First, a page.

Sex sells, not talent
With her tongue waving to the world, wearing barely anything, a lithe figure strutted onto the stage. A barrage of stuffed teddy bears followed behind and pranced around.
The crowd's bewilderment soon turned to shock once artist Robin Thicke joined the bizarre choreography as she twerked on him, provocatively touching herself with a foam finger. The next day, she was the most talked about person in the world.
Immediately following Miley Cyrus' raunchy and blatantly shocking performance at the 2013 MTV Video Music Awards, she got exactly what she wanted — people talking about her.
In show business, when people are talking, sales are soaring. However, what artists like Cyrus gain in publicity, they definitely lose in dignity. Artists are giving in to a shameless, greed-driven, and hypersexualized industry that has no problem letting them make fools of themselves on national television.
If Cyrus and other artists like Katy Perry, Rihanna, Nicki Minaj and Britney Spears are any indication, sex sells in the music industry. In 2009, a study by psychology professor Dawn R. Hobbs at the State University of New York found that 92 percent of the 174 songs that made it into the Billboard Top 10 that year contained sexual content.
Society's view of women as sexual beings has changed dramatically in the last few decades. We have shifted from viewing women as these conservative figures under a dome of domesticity to somewhat blatant objects of desire and conquest.
Within the world of music, it is sad and offensive to see how the proliferation of this hypersexualized image of females has translated to risque music videos where women are clearly objectified, dancing around half-naked for the male artist. Song lyrics unapologetically use derogatory terms that portray women with this sense of self-subordination.
Robin Thicke's "Blurred Lines," arguably one of the most overplayed songs of the summer, subtly hints at themes of rape while speaking of these women who "know they want it."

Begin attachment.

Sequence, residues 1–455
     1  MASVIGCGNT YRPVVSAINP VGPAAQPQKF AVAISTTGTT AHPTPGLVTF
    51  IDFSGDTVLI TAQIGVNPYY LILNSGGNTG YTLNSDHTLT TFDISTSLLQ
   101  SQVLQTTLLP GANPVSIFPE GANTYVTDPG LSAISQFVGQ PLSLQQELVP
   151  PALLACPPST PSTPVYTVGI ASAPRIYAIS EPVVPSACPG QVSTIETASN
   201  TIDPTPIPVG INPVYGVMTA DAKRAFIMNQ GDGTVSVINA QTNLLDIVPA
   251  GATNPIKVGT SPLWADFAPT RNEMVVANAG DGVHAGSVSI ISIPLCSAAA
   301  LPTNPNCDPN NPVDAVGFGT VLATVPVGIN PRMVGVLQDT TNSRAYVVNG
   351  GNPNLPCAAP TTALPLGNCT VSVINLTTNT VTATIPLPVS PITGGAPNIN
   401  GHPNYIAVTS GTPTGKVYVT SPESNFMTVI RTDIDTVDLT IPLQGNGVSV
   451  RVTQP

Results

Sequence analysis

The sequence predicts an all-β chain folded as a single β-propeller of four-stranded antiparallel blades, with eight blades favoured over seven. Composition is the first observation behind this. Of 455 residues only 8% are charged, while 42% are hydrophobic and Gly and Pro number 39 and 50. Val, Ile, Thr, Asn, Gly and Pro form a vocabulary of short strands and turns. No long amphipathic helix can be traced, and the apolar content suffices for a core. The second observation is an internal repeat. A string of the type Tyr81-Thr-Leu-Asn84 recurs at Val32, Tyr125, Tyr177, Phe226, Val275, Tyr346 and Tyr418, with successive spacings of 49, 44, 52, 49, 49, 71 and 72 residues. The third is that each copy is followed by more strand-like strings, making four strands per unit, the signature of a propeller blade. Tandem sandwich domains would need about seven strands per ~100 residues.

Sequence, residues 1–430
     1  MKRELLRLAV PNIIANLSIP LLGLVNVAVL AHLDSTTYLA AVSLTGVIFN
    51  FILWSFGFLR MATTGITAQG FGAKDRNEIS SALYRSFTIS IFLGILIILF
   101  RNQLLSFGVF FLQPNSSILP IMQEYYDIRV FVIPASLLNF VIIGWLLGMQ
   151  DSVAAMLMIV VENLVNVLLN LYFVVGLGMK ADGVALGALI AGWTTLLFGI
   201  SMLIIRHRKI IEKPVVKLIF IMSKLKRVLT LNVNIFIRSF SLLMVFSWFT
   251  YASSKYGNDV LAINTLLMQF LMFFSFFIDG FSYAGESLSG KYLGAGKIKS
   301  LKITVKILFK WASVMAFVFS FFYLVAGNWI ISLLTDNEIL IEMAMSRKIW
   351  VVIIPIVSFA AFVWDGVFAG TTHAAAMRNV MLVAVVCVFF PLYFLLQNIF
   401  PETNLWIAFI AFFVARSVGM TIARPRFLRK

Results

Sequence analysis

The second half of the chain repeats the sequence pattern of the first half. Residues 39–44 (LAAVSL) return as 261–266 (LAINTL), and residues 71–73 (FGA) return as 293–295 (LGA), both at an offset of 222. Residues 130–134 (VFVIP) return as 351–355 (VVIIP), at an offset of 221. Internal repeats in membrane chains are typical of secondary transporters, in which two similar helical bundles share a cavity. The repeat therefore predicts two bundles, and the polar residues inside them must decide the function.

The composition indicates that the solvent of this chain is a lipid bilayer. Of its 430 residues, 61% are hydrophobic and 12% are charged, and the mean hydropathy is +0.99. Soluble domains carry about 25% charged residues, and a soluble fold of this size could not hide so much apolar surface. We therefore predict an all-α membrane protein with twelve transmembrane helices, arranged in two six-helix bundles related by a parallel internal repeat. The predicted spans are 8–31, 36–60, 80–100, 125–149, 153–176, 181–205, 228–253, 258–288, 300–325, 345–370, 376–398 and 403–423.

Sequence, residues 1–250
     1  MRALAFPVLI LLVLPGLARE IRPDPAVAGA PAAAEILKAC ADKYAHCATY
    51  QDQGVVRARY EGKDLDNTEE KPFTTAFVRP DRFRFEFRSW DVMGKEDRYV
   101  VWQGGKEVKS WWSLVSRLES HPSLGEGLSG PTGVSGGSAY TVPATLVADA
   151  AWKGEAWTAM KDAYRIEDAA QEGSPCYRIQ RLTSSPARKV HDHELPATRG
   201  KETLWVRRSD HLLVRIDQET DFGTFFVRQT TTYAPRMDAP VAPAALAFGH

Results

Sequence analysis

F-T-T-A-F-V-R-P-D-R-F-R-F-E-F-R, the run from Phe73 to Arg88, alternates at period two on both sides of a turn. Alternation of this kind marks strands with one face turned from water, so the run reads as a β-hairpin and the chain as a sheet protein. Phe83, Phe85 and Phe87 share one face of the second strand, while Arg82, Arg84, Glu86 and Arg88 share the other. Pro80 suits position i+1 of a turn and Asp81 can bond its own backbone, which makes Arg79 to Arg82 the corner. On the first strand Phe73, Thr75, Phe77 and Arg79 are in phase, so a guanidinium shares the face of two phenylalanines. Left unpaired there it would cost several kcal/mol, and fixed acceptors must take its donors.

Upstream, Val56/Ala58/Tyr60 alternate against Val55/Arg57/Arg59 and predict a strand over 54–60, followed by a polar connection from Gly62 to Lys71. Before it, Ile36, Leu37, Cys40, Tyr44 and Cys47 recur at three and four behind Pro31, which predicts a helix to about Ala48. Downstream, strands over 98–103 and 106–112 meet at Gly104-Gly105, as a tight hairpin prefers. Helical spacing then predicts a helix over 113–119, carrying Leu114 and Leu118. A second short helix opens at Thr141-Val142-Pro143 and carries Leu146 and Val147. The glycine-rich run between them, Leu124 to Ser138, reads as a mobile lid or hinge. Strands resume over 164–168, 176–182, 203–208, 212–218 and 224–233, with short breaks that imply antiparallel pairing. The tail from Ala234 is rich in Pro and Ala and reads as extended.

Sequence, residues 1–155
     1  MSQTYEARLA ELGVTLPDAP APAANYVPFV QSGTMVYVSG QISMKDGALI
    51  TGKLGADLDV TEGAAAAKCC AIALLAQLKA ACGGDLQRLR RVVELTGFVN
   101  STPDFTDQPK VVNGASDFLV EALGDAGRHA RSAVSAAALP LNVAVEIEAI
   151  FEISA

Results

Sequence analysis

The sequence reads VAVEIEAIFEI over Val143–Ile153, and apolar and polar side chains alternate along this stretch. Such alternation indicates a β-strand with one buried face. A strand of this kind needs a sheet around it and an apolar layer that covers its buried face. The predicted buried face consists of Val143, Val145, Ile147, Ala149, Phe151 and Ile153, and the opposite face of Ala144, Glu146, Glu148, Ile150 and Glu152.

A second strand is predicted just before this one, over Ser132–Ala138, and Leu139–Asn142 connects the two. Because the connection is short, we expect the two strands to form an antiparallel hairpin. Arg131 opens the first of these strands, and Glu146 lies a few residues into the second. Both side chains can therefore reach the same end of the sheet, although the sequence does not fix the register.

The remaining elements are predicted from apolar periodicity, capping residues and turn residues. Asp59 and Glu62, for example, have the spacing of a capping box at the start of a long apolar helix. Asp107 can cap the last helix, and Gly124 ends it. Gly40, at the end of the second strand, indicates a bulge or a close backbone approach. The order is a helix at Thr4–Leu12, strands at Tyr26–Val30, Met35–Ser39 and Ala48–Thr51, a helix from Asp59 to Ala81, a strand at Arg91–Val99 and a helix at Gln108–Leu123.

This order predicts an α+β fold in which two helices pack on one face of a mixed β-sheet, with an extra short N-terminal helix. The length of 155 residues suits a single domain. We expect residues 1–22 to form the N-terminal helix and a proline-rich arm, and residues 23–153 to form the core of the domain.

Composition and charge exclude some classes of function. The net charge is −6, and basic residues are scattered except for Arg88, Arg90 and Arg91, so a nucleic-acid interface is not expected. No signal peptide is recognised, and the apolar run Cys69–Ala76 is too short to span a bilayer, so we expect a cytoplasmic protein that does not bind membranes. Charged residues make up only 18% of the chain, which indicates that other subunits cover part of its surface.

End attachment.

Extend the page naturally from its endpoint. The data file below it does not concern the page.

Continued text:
Nowhere is the objectification of women more prevalent than in the realm of rap music.
"Rap has always been feminine; what it has not been is pro-woman," according to a 2012 report in the Journal of Popular Culture.
Some may argue that the overt sexualization of women is just a byproduct, a natural result of an already changing culture in the United States, and one that has shifted toward a more sexualized view over the last few decades. However, male musicians are rarely sexualized as strongly or as frequently as female artists are.
According to research conducted in 2012 by the Journal of Gender Studies, around the 1990s, when female musicians rose in popularity, so did their rates of sexualization. By the new millennium, female musicians were hypersexualized more than ever on the covers of Rolling Stone.
So we know that some male artists use females as sexual objects in their music, but what about females? When I view artists like Miley Cyrus, Katy Perry, or Rihanna, there is a part of me that likes that they are so confident with their sexuality. Then you realize that it is just a ploy to sell records — a simulation, and a creation of the music industry itself.
Still, for every Katy Perry, there is an Adele. Up-and-comer Ariana Grande has been noted for her Mariah Carey-esque vocals and has even been deemed the "anti-Miley Cyrus." There are talented female artists who do not radiate this hypersexuality, but there does not seem to be a stop to this cycle of over-sexualized females in the music industry, a cycle that's been running for years.
However, no matter how many records they sell, or how much money they make, their sales tactics end up resembling a cry for attention, and sets feminine progress back years by returning to this sexist depiction.
What about the effect that the way these women portray themselves have on younger fans? Aside from the negative effects on self esteem and body image, female artists' overt sexualization is sending the wrong message that looks and sex appeal are more important than raw talent.
Sure, women can have amazing voices and still show off their bodies, but when the facade of sexual prowess on the outside outshines the talent, which is the case for most female artists, then it just reinforces the music industry's trend of selling sex for money.
The days where artists were the talk of town due to their vocal talents, and not because of half-naked, raunchy performances, seem to be a thing of the past because sex sells, not talent.